Despite pressing global challenges, White House national security spokesman John Kirby said there's still a sense of relief among world leaders in 2024 that "America was back," referencing Biden's 2021 speech at the G7 in England.
"Biden's message then was that democracies need to step up and show they can deliver for their people," Kirby said. "That's true now more than ever."
Kirby said the U.S. was prepared to work with democratically elected officials in the EU no matter who they are, though some of those being elevated have expressed far less support for Ukraine than current leaders.
"We have every confidence that regardless of who fills the seats in the European Parliament, we're going to continue to work closely with our EU partners on all the issues relative to our shared interests across the European continent," Kirby said. "That includes supporting Ukraine."
Biden and Zelenskyy, who met last week in Paris, will meet again to discuss continued support for the Eastern European nation, which is trying to fend off an intense Russian offensive in eastern areas of the country. They're expected to hold a joint news conference. Biden is also expected to meet with Italian Prime Minister Giorgia Meloni, the pope and other leaders.
Biden, who's been adamant "we will not walk away" from Ukraine, last week publicly apologized to Zelenskyy for a monthslong delay by Congress in authorizing additional American military assistance. The delay allowed Russia to make gains on the battlefield.
Sullivan called the security agreement a "bridge" to when Ukraine is invited to join the NATO alliance — a long-term priority of Zelenskyy's that the allies have said will first require an end to the Russia-Ukraine war and that Putin has steadfastly opposed.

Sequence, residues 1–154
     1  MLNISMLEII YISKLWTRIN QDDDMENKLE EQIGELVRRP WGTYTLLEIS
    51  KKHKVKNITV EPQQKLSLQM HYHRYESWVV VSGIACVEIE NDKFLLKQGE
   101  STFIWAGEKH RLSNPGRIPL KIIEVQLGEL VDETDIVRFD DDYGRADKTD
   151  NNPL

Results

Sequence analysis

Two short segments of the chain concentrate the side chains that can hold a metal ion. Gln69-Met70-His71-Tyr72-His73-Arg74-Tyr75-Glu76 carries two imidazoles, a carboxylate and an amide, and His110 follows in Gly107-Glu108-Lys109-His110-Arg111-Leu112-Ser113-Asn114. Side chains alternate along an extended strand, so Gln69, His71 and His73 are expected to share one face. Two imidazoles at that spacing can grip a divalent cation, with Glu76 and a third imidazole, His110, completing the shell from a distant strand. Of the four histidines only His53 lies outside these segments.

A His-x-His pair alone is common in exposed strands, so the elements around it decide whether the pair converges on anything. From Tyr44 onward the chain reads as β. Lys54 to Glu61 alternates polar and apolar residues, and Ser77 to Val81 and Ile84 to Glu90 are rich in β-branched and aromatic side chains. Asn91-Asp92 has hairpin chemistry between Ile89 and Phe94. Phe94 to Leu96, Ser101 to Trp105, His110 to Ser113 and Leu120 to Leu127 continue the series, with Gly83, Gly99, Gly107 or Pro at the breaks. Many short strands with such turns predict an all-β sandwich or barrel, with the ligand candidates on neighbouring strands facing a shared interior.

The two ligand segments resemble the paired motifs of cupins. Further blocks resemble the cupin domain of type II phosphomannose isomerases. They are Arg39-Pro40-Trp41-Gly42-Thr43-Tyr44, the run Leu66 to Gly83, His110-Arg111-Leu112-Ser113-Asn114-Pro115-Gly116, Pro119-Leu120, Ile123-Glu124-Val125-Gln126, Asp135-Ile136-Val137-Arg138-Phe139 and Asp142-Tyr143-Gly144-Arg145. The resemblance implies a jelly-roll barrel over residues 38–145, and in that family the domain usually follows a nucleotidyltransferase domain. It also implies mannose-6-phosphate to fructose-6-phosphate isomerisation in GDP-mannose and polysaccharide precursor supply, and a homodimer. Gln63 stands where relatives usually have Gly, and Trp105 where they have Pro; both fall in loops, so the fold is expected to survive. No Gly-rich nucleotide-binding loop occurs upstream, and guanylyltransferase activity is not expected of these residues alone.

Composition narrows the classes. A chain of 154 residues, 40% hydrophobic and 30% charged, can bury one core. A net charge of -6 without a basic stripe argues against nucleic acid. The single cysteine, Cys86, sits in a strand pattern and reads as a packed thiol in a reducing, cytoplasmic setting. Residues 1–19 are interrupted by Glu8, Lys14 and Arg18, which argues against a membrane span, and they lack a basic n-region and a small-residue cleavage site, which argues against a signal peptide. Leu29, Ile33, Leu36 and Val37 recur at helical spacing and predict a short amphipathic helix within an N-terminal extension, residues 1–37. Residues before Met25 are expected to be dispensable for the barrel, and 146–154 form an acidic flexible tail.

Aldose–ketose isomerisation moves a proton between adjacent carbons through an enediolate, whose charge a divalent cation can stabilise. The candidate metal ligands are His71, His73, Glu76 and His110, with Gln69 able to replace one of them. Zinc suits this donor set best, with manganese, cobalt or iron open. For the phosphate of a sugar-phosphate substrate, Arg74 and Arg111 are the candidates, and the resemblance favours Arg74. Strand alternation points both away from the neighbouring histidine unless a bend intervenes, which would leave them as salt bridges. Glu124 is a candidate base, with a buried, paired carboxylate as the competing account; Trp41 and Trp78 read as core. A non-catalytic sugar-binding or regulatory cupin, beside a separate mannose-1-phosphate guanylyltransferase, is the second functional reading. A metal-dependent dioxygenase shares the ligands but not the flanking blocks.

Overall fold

Biden's back-to-back trips to France and Italy amount to a rare doubleheader of diplomacy in the midst of the presidential election. The president will skip a Ukraine peace conference in Switzerland this weekend to jet to Los Angeles for a campaign fundraiser with big names from Hollywood. Vice President Kamala Harris will represent the U.S. at the conference.
Despite the delays in military aid, the Biden administration on Tuesday announced it would send Ukraine another Patriot missile system to help fend off Russian strikes, two U.S. officials told The Associated Press. Biden approved the move, the officials told the AP, as Kyiv has desperately called for more air defenses in its battle against an intense Russian assault on the northeastern Kharkiv region.
And earlier Wednesday, the U.S. announced fresh sanctions targeting Chinese companies that help Russia pursue its war in Ukraine, as well as Russia's financial infrastructure. Sullivan said, "these actions will ratchet up the risk that foreign financial institutions take by dealing with Russia's war economy."
Ukraine and many of its supporters have called for the confiscation of $260 billion in Russian assets frozen outside the country after the Feb. 24, 2022, invasion. But European officials have resisted, citing legal and financial stability concerns. Most of the frozen assets are located in Europe.
A European plan to just use the interest on the Russian funds would provide only a trickle of money every year — about $2.5 billion to $3 billion at current interest rates, which would barely meet a month's financing needs for the Ukrainian government.
Treasury Secretary Janet Yellen said recently that G7 finance ministers have been discussing the possibility of extending a loan to Ukraine and using the windfall profits of assets seized in Europe to pay it off.
Kirby said the U.S. was optimistic the group could agree on the matter.
Biden is also expected to discuss economic concerns brought on by Chinese manufacturing overcapacity, how to use artificial intelligence in a way that maximizes benefits but still manages national security risks, and global migration.
The U.S. and other G7 nations are struggling to manage large influxes of migrants arriving for complicated reasons that include war, climate change and drought. Migration, and how nations cope with the growing numbers at their borders, has been a factor driving the far-right rise in some of Europe.